Christina Oh has experienced firsthand how communities thrive when hospitals hire good doctors, and she’s excited to implement that knowledge in the Lowcountry Region.
“It really helps propel communities forward,” she said.
Oh joins Trident Health as president and CEO on May 3, stepping into Todd Gallati’s shoes after his 12 years of service to the hospital system. The new role brought her 2,150 miles from Phoenix, where she was the CEO at Abrazo West, Tenet Healthcare’s high-acuity flagship hospital in their five-hospital market in Phoenix.
“One of the things that attracted me to Trident is I see a lot of similarities between where I am today and the Trident system,” Oh said prior to her move. “We have a rapidly growing community on the west side of Phoneix, just like Charleston and particularly North Charleston. A lot of families are choosing to move there and they are looking for a good health system to partner with and that they can depend on.”
Though she was born in West Virginia’s Appalachia region and lived all over the U.S., Oh has always considered the Lowcountry her home and is glad to return.
“My husband I met and got married on Hilton Head,” she said. “Hilton Head’s actually where I started my hospital career, recruiting physicians to the community.”
Adding even further ties to the South Carolina, the CEO holds a Master’s degree in health care administration from the Medical University of South Carolina in Charleston where she graduated cum laude.
Oh credits her grandmother — her best friend and greatest ally who has since passed away — as her inspiration for venturing into the business side of healthcare. Her grandmother was a public health nurse in Appalachia and a single mother in a time when both weren’t particularly common.
“I was very tied to my grandmother’s life as a nurse and at one point thought I wanted to go into nursing,” Oh said.
Her grandmother always believed Oh had a better knack for business and dealing with people, however, and encouraged her instead to go to graduate school to work on the management side of health care.
“I have picture albums of my grandmother giving polio vaccinations and she would tell stories of how she had to sometimes be extremely tough to do the right thing for the patients she was taking care of,” Oh said. “The thing that I love the most is she was a founding member of this team of doctors and nurses who started a health clinic that served mining communities and that health clinic is still in operation today.”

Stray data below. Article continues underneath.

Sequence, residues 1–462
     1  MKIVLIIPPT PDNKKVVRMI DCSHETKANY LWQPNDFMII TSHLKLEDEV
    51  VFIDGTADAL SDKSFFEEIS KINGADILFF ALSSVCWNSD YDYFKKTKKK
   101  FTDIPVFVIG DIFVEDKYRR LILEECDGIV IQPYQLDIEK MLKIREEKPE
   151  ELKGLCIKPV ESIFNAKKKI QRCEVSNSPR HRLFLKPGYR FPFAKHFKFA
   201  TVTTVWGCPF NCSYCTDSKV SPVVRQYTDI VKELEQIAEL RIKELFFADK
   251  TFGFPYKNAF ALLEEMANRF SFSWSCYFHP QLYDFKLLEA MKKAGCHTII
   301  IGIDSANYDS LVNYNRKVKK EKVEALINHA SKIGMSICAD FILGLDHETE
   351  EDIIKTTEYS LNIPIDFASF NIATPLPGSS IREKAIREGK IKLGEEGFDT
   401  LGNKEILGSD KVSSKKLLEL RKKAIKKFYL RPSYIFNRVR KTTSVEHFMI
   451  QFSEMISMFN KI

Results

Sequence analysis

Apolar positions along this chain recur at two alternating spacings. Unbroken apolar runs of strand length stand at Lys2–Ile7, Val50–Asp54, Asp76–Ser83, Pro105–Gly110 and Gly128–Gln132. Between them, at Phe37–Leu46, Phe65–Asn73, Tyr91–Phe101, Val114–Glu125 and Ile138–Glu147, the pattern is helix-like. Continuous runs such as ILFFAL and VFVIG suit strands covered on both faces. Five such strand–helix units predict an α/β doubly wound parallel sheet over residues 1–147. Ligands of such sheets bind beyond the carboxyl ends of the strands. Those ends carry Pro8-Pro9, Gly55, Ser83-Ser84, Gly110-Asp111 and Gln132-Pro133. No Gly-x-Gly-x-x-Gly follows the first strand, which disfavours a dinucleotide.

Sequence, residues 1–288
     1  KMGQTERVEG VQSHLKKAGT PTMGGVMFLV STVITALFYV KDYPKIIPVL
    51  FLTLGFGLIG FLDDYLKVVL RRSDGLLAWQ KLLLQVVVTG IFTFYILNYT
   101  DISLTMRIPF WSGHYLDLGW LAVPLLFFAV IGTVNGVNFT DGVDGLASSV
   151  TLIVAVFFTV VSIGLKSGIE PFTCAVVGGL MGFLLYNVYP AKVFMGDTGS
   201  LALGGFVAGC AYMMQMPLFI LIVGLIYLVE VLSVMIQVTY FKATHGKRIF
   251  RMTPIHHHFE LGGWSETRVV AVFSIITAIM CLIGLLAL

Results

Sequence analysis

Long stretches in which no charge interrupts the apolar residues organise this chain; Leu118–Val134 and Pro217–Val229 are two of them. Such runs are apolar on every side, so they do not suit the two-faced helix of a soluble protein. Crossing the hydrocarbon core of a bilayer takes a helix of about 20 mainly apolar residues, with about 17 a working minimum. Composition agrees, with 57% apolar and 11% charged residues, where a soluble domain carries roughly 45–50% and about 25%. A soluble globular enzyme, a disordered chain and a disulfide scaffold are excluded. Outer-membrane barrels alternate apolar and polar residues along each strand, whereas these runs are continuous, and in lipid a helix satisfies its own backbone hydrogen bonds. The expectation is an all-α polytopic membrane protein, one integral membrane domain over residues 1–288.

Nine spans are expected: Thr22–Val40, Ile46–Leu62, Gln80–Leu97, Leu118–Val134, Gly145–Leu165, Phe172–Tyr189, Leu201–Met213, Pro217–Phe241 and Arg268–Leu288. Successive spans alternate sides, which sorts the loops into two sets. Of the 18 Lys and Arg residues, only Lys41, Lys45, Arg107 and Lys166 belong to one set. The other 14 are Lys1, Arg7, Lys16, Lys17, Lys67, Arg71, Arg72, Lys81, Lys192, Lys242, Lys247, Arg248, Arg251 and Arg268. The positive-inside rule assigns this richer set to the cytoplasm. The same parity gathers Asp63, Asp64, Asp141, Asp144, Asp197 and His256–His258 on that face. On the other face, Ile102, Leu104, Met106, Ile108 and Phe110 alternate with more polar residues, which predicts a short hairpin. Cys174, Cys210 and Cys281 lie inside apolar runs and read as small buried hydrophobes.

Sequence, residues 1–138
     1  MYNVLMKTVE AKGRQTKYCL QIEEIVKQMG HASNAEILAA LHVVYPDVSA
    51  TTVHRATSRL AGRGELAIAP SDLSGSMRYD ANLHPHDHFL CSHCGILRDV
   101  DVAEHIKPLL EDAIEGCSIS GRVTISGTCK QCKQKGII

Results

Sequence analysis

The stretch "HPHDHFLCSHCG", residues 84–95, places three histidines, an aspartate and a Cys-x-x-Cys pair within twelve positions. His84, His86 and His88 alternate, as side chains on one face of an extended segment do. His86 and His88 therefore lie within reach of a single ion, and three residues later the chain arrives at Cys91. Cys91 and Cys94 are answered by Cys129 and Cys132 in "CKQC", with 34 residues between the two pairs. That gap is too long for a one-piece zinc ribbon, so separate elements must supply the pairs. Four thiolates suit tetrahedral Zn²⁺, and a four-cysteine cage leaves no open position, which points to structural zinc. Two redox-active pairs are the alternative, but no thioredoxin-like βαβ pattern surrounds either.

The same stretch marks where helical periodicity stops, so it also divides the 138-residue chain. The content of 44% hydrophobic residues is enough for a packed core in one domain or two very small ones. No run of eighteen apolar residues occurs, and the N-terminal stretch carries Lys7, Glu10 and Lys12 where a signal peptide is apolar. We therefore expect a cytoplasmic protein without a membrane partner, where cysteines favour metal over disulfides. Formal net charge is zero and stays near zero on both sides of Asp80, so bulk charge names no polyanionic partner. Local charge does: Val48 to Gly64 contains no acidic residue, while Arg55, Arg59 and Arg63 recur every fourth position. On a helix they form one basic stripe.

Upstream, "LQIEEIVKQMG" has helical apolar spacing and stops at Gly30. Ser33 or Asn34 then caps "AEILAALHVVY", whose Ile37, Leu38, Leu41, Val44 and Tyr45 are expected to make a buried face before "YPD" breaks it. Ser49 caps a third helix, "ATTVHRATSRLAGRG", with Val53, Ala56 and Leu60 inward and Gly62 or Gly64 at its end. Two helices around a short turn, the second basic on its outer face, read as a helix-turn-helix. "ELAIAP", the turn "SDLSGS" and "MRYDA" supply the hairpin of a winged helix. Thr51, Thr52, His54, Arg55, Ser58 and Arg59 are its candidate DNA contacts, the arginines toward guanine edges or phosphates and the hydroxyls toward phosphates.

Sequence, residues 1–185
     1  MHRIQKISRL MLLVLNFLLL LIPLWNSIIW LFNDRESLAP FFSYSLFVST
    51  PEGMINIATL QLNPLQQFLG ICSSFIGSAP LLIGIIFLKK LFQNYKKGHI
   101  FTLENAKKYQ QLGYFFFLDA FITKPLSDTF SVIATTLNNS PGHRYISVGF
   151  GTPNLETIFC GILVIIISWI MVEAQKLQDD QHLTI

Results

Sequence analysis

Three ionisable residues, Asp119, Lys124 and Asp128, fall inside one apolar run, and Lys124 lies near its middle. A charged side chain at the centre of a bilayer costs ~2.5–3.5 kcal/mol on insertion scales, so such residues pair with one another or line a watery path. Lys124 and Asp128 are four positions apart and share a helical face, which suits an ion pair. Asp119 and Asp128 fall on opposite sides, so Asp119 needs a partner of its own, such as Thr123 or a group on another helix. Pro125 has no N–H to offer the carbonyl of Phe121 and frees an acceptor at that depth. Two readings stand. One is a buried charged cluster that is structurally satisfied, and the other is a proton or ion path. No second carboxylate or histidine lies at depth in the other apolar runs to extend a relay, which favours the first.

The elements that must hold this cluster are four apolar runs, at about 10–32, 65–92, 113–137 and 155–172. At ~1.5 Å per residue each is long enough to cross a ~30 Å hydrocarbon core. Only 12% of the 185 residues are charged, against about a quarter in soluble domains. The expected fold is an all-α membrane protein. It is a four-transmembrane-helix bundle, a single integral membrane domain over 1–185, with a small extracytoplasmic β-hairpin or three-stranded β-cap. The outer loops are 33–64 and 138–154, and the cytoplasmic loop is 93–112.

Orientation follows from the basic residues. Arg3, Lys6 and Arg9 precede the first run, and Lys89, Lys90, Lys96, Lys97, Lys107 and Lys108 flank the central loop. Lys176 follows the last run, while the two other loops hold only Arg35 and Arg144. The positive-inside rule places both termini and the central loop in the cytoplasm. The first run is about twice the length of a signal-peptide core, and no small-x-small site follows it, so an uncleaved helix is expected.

Oh said her grandmother’s strength carried down throughout the women in her family. She was raised by a savvy mother, a woman of great faith, and Oh is thankful to have had such role models in her life.
“The two of them have this very interesting combination of compassion and strength. Growing up under that, it taught me that those two things are not mutually exclusive and that is a hallmark of my leadership style,” she said.
As she settles into Trident, Oh is most looking forward to meeting more of the staff finally and letting them get to know who she really is as a person and as a leader. She said the best advice she’s ever received was to be herself as a leader and not who she thinks a leader should look like.
Beyond that, she hopes to combine her past successes in community outreach, employee retention and expanding access with the foundation Gallati has built.
“He has done some remarkable thigs in the past 12 years. To think they opened a trauma center and built their stroke program and cardiac program; those are the types of things that get me excited,” Oh said.
Coming out of the pandemic, the CEO has plans for encouraging the community to be more proactive about health care. Too many have put off care for one reason or another as the coronavirus took a front seat nationwide. Oh she sees a need to balance the emotional impact and the trauma the teams have experienced with a focus on moving forward and prioritizing non-COVID-19-related health care.
A significant part of that plan includes helping to build trust in the communities to understand that Trident has safe practices in place when they do need to seek care.
“I really began to realize that after I started recruiting for physicians and seeing what happens to communities when you recruit good doctors and together you partner with them and build very solid programs that the community can trust,” she said. “It really helps propel communities forward.”
Oh knows firsthand how important it is to be responsible and proactive for your own health care. While in her 20s, she was diagnosed with Type I diabetes and suffered a health crisis when her pancreas stopped working. She’s since been put on an insulin pump and carefully manages her health, but having to constantly educate herself is one of the reasons she feels so strongly about working in health care and helping others through their own crises. That also reminds her of her grandmother and their frequent discussions about health and patients.
“I think she’d see me in this role and she would say, ‘There’s a lot of pressure on your plate but always remember the patients,’” Oh said.